The election of Jeremy Corbyn as leader of the British Labour Party has provoked strong and hostile reactions in the German media. They are not directed at Corbyn himself, who has been benevolently termed a “lovable man.” Rather, they are directed against the vote by the members and sympathizers of the Labour Party, just under 60 percent of whom rejected the policies of New Labour with their vote for Corbyn.
The German elite has considerable experience with “left” social democrats and members of the German Left Party, whose loyalty in political office they can count on. What they are afraid of in this case is the left-wing sentiment of broad layers of the population. The fact that in the primary election a large majority voted “for nationalisation, against NATO, against austerity and for the unlimited expansion of social programs” (Süddeutsche Zeitung) has enraged many politicians and commentators.
Nikolaus Piper, chief economics commentator for the Süddeutsche Zeitung, expressed his indignation freely: “Just 25 years after the end of the Cold War, socialism is chic again,” he fumed. The Corbyn election has “something bizarre” about it, and Corbyn’s program is backward-looking and grotesque. The Labour Party is moving toward a “crashing defeat” in the House of Commons elections, Piper claimed.
Piper found especially repulsive the idea that tax revenue and credits from the central bank should be used for social projects and services. He drew attention to the idea of “People’s Quantitative Easing” in Corbyn’s economic program, saying it is “especially significant.” In practice, People’s Quantitative Easing means “that the Bank of England should print money in order to build residences, railways and roads.” Such an “inflationary program is obviously similar to the plans of the failed Greek Finance Minister Yanis Varoufakis” and will lead directly to ruin, he claimed.
Piper was economics correspondent for the Süddeutsche Zeitung in New York between 2007 and 2014—i.e., during the international financial crisis. In numerous articles, he supported the policies of the US government and central bank, which made available hundreds of billions of dollars for financing criminal speculation and the rescue of Wall Street.
Piper advocates an American form of quantitative easing in which cheap credit is made available for the speculative ventures of a super rich financial oligarchy. What he finds perverse, indeed socialistic, is cheap state credit for the financing of “residences, railways and roads,” and perhaps also education and the improvement of social programs.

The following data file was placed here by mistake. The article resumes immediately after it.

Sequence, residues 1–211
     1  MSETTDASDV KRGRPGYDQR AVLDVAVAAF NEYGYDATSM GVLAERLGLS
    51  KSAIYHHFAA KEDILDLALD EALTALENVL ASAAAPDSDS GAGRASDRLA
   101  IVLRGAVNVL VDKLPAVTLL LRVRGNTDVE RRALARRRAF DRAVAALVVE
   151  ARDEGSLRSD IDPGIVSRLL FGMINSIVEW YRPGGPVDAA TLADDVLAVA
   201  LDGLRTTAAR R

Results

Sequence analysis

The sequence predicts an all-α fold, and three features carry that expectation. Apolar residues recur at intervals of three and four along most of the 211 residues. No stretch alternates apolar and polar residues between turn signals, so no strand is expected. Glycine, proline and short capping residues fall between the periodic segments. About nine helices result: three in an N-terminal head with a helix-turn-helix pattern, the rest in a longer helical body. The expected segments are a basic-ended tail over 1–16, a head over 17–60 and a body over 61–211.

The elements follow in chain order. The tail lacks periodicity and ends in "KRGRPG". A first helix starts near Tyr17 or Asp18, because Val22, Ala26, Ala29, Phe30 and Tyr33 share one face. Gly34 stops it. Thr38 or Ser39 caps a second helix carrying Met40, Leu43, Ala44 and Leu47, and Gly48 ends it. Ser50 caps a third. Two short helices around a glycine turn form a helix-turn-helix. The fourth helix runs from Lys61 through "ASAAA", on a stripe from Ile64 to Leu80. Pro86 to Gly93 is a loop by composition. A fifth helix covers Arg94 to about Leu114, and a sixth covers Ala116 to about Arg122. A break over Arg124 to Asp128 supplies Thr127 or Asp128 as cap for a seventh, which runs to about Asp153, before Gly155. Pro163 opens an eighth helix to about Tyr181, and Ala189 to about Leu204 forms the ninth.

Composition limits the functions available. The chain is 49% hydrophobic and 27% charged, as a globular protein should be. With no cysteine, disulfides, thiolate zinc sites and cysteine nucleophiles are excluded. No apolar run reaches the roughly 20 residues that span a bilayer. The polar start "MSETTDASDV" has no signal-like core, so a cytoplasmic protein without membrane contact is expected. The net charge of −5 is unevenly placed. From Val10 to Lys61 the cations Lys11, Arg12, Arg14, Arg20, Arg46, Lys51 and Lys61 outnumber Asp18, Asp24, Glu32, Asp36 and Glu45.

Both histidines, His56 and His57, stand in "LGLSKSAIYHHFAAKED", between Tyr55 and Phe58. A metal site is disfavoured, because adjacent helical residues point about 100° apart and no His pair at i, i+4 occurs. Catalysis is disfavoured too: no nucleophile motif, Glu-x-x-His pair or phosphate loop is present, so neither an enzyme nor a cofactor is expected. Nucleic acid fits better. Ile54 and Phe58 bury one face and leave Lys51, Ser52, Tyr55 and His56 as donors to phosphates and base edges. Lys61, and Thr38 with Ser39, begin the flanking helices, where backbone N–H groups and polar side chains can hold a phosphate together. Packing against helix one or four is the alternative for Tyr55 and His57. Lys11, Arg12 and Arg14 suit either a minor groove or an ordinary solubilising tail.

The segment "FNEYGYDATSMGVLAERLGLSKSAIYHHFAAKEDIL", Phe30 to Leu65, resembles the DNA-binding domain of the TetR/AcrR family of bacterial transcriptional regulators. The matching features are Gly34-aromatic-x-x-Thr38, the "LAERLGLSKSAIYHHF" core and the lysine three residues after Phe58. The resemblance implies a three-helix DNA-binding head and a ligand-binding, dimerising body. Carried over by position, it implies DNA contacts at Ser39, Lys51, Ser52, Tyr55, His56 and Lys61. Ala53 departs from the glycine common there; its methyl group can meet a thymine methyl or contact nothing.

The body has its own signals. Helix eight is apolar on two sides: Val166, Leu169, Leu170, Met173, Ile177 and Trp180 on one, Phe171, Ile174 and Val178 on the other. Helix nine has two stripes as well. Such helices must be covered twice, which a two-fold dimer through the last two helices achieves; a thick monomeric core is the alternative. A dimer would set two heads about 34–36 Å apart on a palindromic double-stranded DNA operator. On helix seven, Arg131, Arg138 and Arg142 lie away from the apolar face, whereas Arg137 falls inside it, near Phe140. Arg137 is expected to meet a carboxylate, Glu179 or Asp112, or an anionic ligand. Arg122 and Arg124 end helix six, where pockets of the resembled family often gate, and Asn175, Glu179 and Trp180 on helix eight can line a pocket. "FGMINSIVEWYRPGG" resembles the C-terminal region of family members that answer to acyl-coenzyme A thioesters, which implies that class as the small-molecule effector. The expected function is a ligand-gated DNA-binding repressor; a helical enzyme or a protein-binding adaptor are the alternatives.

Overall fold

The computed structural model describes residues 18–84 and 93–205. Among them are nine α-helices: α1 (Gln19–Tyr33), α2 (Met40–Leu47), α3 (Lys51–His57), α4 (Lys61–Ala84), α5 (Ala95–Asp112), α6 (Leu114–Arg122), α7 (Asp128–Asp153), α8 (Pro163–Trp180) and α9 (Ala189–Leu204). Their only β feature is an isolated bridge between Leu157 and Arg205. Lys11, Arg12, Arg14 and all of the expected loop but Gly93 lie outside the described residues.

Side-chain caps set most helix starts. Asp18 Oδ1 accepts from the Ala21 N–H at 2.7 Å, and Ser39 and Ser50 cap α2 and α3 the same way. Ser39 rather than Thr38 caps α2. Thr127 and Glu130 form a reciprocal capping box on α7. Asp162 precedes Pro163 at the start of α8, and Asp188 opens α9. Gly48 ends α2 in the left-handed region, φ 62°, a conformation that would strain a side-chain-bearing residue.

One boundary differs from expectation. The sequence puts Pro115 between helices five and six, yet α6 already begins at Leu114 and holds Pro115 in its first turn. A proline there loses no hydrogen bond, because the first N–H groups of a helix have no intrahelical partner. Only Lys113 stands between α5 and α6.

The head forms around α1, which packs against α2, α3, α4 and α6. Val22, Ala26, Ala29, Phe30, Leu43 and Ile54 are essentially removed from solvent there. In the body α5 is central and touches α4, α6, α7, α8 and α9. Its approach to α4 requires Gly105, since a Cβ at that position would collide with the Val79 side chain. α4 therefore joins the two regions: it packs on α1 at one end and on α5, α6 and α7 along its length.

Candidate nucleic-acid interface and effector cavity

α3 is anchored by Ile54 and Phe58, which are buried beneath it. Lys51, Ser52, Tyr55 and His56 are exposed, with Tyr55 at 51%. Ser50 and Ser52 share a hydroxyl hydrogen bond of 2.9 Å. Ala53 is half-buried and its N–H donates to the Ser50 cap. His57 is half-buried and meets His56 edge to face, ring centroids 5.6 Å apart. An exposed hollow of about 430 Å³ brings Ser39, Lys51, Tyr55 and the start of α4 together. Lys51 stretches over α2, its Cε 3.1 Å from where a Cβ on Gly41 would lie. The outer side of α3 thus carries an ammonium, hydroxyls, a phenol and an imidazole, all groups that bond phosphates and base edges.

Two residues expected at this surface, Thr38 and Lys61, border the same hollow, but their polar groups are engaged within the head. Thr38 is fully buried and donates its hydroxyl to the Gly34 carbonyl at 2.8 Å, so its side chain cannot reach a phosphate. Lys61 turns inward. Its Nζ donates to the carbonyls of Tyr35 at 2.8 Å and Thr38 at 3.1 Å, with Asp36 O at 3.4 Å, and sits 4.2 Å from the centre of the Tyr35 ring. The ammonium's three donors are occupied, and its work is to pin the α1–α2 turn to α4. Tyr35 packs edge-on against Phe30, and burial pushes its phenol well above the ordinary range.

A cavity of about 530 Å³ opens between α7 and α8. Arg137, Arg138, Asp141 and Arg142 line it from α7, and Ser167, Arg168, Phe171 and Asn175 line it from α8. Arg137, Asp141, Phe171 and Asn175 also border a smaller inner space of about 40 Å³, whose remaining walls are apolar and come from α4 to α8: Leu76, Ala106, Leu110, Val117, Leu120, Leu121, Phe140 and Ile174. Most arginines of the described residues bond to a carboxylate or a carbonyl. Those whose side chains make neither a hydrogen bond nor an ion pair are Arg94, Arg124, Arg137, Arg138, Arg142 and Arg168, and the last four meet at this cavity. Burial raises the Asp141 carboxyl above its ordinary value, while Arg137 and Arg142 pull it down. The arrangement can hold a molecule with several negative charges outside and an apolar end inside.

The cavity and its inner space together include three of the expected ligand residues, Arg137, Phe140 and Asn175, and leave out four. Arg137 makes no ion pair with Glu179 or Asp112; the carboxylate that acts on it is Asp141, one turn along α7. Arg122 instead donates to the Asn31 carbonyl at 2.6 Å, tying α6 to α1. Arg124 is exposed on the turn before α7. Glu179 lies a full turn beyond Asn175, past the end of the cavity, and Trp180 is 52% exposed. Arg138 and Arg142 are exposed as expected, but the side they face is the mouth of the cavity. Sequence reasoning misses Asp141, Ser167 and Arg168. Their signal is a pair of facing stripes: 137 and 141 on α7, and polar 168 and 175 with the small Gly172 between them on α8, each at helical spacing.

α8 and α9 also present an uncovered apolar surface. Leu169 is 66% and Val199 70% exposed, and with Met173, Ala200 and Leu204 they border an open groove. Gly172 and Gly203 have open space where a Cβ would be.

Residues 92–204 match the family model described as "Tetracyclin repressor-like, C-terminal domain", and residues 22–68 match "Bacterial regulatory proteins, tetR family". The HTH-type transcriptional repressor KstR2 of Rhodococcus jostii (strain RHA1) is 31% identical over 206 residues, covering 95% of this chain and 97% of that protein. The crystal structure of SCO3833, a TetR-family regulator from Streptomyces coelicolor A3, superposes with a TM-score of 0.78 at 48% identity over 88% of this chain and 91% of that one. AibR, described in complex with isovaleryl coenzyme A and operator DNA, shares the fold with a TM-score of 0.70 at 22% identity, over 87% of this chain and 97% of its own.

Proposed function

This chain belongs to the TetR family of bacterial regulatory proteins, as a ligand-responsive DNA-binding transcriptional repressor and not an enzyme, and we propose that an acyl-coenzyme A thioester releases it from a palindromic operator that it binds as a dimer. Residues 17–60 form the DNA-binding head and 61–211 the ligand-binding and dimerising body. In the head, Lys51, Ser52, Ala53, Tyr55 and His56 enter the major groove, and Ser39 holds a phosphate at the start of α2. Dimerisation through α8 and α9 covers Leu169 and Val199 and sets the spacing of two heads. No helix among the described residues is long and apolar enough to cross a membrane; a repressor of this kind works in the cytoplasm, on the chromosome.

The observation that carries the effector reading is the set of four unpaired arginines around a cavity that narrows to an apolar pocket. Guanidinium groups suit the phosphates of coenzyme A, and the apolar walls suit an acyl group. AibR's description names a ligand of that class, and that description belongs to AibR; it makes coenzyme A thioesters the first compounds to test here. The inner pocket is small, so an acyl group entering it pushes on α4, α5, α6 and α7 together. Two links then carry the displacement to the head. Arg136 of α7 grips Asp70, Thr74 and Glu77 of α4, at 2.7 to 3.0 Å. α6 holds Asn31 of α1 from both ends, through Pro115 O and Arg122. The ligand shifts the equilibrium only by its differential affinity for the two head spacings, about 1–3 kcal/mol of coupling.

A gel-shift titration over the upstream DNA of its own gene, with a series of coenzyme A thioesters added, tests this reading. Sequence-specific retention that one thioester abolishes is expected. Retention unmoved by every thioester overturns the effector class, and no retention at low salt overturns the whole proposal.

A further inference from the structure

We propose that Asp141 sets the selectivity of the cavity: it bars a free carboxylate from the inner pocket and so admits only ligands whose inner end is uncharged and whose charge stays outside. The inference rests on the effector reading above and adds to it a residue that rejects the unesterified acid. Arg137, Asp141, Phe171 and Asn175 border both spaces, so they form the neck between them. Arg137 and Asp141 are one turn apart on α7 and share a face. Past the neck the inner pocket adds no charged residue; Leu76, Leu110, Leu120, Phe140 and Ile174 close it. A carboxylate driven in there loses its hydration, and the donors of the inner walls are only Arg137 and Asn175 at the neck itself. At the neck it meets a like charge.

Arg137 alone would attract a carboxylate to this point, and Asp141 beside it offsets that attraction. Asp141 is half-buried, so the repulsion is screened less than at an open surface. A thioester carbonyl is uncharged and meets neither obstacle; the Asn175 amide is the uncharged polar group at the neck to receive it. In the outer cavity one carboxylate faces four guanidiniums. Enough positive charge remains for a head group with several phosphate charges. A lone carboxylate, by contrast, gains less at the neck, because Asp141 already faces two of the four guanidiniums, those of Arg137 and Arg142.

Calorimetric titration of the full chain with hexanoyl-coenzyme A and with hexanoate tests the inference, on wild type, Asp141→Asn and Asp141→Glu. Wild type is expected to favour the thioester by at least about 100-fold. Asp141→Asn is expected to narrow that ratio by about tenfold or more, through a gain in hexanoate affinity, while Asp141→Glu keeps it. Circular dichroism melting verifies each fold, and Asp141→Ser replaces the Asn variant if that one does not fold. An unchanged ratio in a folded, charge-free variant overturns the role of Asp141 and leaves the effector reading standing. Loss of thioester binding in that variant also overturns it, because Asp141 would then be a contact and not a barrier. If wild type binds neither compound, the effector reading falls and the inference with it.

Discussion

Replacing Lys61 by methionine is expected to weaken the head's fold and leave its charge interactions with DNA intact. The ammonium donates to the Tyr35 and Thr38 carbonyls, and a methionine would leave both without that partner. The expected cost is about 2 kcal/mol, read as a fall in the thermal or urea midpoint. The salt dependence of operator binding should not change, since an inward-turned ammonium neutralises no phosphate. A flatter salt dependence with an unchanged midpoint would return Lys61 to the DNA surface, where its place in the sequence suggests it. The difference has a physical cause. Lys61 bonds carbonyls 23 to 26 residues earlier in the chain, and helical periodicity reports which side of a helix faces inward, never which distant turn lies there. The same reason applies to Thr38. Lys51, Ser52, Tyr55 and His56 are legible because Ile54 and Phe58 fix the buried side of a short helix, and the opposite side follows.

Piper warns: “In many countries outside of Great Britain as well, a new, aggressive left wing is establishing itself beyond social democracy.” It is “against ‘austerity’, that is, against the state savings and against free trade, against the rich and against the ‘corporations’.” The fact that in the United States a “self-avowed socialist” is also running for president makes it clear that the Corbyn election is part of an international phenomenon.
“Anyone on the left who has sympathy for Corbyn and Sanders (both are quite agreeable men),” Piper writes, should remember the “winter of discontent” in Great Britain in 1978 and 1979. “Brutal strikes” paralyzed the country, he said, and Margaret Thatcher came to power “as a reaction to the abuse of power by the unions.”
Before Piper began his career at the Süddeutsche Zeitung, he wrote for Vorwärts, the central organ of the Social Democratic Party (SPD). He recently warned the leadership of the SPD at its headquarters in Berlin: “Centrist politicians in Berlin and elsewhere have every reason to look at Great Britain with concern.”
The Corbyn election has in fact left the SPD leadership speechless. The SPD had been prepared for Corbyn’s victory, but not the landslide that took place. Above all, the utter defeat of the Blair wing, with which the SPD leadership is closely allied, is viewed as a threat.
“After the election of a new Labour head, insecurity prevails in the SPD,” Die Welt wrote. “In the SPD, one does not really know how one should react to the landslide victory of the left-winger.” Party head Sigmar Gabriel himself had still not said anything 24 hours after the result was announced. “The publication of well wishes, actually usual in such situations? None at all,” said the newspaper.
Even the SPD “leftist” and deputy chairman Ralf Stegner has avoided any sort of “Hurrah rhetoric”. He has remained “unusually vague” when talking about the advance of the “leftist enfant terrible” in the Labour Party.